Wayne and Pat Chapman, both Lamar County natives, are in their 13th year of baldly fundraising for childhood cancer research, but this is the first year it’s been held in Paris.
“There are several children right here in Paris who are fighting cancer, and we are doing this to support research to fund cures for them and the 300,000 other kids who will be diagnosed with cancer this year alone,” Pat said.
Since 2009, Wayne has shaved his head to raise money for the St. Baldrick’s Foundation, a national charity dedicated to cancer research in children. So far, he has raised $65,000 on just his own head and contributed to raising $390,000 in what has become an annual McAllen fundraiser.
They do it in honor of their son, David, who died in 2006 from lung cancer, and in honor of all the local children in Paris they know who have had childhood cancer. For the past several years, the snowbirds have moved down to South Texas when the weather turned cold. Their daughter, Becky Chapman Weaver, helped them get the fundraiser started in McAllen.
“He died of cancer, not as a child, but as a new dad,” Weaver said. “While he was in remission (before he relapsed), David shaved his own head to raise money for research for kids. My whole family has embraced this cause (including my sister and her family in Virginia).”
The idea for St. Baldricks started in 1999 when three men in New York City got together and decided to see how much people would pay them to shave their heads on St. Patrick’s Day, with the proceeds going to childhood cancer research.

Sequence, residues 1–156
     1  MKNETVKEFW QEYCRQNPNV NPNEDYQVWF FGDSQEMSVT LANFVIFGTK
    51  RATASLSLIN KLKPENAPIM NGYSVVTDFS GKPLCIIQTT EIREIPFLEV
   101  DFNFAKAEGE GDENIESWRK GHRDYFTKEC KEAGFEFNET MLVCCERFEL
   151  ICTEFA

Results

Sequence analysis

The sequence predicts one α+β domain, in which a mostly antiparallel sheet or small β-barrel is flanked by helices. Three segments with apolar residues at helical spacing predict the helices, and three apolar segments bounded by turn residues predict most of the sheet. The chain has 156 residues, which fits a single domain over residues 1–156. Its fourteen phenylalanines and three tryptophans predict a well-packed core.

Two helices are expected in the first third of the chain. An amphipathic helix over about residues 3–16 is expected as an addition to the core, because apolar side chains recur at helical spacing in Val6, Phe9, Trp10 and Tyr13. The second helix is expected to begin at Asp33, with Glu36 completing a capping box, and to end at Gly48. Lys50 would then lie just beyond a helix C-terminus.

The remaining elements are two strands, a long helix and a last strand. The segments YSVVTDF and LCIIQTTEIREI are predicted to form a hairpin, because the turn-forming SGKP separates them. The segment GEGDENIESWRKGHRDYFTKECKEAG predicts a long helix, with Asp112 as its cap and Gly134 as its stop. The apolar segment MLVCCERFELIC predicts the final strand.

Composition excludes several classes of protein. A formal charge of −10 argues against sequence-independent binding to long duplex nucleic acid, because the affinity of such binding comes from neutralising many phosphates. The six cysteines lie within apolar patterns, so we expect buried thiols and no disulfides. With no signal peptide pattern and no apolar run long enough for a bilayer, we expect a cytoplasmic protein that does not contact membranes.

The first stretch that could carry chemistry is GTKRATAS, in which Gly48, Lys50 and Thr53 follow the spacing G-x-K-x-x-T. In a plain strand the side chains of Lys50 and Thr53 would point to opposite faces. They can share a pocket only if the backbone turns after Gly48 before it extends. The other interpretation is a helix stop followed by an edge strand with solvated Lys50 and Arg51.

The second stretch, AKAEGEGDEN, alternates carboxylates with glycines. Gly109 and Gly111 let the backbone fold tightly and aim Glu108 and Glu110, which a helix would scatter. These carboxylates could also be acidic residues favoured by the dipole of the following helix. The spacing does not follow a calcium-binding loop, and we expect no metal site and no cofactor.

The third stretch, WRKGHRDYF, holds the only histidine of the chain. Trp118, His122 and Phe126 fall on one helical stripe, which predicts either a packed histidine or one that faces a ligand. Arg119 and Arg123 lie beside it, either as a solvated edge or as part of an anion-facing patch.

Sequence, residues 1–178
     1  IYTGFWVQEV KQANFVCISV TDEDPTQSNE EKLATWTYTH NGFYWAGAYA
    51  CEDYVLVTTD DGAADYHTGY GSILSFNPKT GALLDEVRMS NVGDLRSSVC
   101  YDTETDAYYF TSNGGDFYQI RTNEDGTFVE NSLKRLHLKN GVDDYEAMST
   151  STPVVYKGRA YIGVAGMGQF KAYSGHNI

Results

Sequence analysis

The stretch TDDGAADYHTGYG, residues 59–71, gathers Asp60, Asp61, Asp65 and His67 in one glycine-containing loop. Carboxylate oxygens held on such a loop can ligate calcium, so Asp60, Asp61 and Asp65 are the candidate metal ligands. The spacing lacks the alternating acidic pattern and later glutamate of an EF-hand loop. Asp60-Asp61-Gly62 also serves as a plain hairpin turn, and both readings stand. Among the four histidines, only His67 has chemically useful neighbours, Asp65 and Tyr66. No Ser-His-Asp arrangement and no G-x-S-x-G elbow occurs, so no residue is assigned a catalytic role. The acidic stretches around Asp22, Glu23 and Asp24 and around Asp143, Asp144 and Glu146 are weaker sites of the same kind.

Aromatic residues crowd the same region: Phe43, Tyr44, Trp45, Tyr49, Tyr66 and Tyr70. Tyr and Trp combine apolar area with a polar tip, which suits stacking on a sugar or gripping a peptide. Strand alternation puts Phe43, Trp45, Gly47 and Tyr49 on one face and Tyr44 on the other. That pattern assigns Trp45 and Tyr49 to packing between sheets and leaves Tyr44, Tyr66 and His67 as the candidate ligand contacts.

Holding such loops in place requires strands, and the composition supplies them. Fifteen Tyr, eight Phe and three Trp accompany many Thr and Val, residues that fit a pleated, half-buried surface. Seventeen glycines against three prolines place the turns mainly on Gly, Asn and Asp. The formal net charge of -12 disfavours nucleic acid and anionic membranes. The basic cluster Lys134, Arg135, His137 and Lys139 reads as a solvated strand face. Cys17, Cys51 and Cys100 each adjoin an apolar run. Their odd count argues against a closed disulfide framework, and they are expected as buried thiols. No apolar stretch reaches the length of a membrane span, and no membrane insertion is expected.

“One of them had a niece who died of cancer,” Pat said. “It spread. They had a whole lot of money and called Becky and asked her to help.”
At the time, Weaver worked with another charity and helped the St. Baldricks crew pro bono until they professionally organized, and then she became their second employee.
“Who would think an 88-year-old man and his wife would be able to do all this — and just keep right on,” Weaver said. “That’s my parents. I love them so much.
“Part of my job is to oversee the process of making grants for research across the country, working with scientific advisers, so I have a front row seat to see how well the money we raise is invested to find cures. It’s been very exciting and rewarding to be a part of it all since St. Baldrick’s began, and to have my family members shave and raise money and awareness makes it even more meaningful.”
Since 2005, St. Baldricks has given out $23 million for research in Texas alone. It is one of the largest cancer research charities in the U.S.
The Chapmans have made the decision to stay permanently in Paris now, so they hope to establish a fundraiser here like they didn in McAllen.
“Now that we are back full-time in Paris, our life-long home, it’s a tradition we will continue,” Pat said. “Since there’s been no St. Baldrick’s event in Paris before, we’d like to get the word out, in hopes that people will support the effort this year, and maybe even join us for an event next year.”
The head shaving was virtual last year, because of Covid-19, and this year, because they haven’t been able to establish an event yet, Wayne got his head shaved Saturday by a local barber. But, the couple said people can still donate to his page or St. Baldricks.